Turning, turning

Summer is here, and I have sunburned arms to prove it. Apart from that scrap of evidence, though, you could almost imagine it was winter here in Oxford: rain, a layer cake of cloud, rain, perishing wind, rain and a little bit more rain. Fingers crossed for blue skies in New York. 

Anyway, enough of the weather. First and foremost, thank you so much for your incredible feedback on the trailer! I was overwhelmed by the positive response. Tailored Media did a fantastic job of capturing the way I see Scion: the clothes, the auras, everything. I swear, this guy – 

– looks exactly like one of the characters in the book, Haymarket Hector. I need to know where they found him. LOOK AT HIM. 

Anyway, erm. Moving swiftly on. With my exam celebrations out of the way (and when I say "celebrations" I mean watching The Apprentice), the Bone Season sequel is officially ready to go. The new manuscript has a working title, a list of possible chapter names and its first appendage. I'm incredibly excited about this book; the plot and setting, plus the introduction of lots of new characters, means it's shaping up to be my favourite of the planned seven. Over the past year I've learned so much from my editors, and I think my style has developed a lot since 2011. I hope to put the lessons I've learned to good use in the sequel.  

One of the things I haven't yet discussed about the editing process, which occurred to me last night, is something Alexa told me about during the late stages of the edit. Let me introduce you to . . .


Not the eight-legged tick that gorges on blood (although they do seem to cling to your prose like a tick to skin); this is the kind of tic you get in your eye. A writer's tic is a recurring, involuntary "quirk" in the manuscript, something you repeat over and over again. It becomes a kind of crutch. It could be a single word, an image, a turn of phrase – anything that just keeps springing up. Most likely you won't notice your quirks until the copyeditor picks them out. The copyeditor's job is to look at the manuscript's minutiae. While you're working on big structural edits, that layer of the manuscript won't fully register. Editors act as a microscope, giving you a new lens through which to see your writing. Take a look at these four sentences from the ARC of The Bone Season:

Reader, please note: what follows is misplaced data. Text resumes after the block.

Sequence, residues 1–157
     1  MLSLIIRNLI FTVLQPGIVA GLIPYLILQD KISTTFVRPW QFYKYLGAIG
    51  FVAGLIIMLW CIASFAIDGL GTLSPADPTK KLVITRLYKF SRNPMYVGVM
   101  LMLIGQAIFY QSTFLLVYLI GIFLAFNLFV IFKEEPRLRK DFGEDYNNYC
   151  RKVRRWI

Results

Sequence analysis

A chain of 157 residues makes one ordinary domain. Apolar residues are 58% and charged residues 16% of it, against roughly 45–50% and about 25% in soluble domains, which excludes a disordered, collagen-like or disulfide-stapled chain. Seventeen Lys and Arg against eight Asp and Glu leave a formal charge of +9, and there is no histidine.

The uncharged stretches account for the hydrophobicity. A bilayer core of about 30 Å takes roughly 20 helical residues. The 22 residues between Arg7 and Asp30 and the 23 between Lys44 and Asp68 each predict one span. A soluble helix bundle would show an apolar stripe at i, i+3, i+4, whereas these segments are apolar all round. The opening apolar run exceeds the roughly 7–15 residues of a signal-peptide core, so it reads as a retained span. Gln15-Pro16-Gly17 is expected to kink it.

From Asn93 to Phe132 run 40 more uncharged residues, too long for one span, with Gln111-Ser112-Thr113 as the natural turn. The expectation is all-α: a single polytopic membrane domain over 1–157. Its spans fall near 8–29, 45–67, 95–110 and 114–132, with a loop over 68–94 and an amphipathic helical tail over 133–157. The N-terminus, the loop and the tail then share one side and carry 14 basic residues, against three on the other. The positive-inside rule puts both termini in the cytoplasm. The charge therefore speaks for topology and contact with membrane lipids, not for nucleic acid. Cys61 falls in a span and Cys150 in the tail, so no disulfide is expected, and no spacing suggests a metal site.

He half-turned his head. I watched his eyes turn empty. Without another word, he turned his back on me and left. The key turned in the lock. 

Fairly innocuous paragraph, right? I didn't notice anything wrong with it until Alexa called me to London to do some fine-tuning, based on my copyeditor's notes. Now, with my eye attuned to the right level, I could see a fairly blinding problem: 

He half-turned his head. I watched his eyes turn empty. Without another word, he turned his back on me and left. The key turned in the lock. 

There you have it, ladies and gentlemen – my biggest tic. The word "turn(ed)". It's everywhere. This word gives me nightmares. 

If you're scrambling for your Word document in a panic, first let me say: don't worry about it. Writer's tics are something you can deal with. Everyone gets them. You'll see them in finished, published novels. Agents and commissioning editors don't look at your novel on a sentence level. They look at the whole package: at the story, at the voice, at the overall strength of the work you're presenting. They know it will go through massive changes in the editing process and they're not going to reject you because you said the word "cold" or "dazzling" or "the sun streamed over the buildings" twenty-odd times. If you can identify your tics early, though, then do try to get rid of them – it will save you doing it later. It also, most likely, won't endear you to an overworked agent if the dreaded word makes it into your sample pages. Once you've identified the tic, it's easy to do a global search for it and hit delete. 

The best thing you can do to find your tic – and you will have one, if not more than one – is to get someone else to read your work. Anyone at all. Once you've read something a certain number of times, you're just not attuned to the minutiae any more. A reader's fresh eyes won't read as closely as those of a professional copyeditor, but they'll come pretty damn close. They'll be able to pick out all the little things that catch them as they read. Some will always slip the net, but you'll have a much better chance of snagging them.   

Next blog will be on Monday after BEA. Hope to see lots of you there!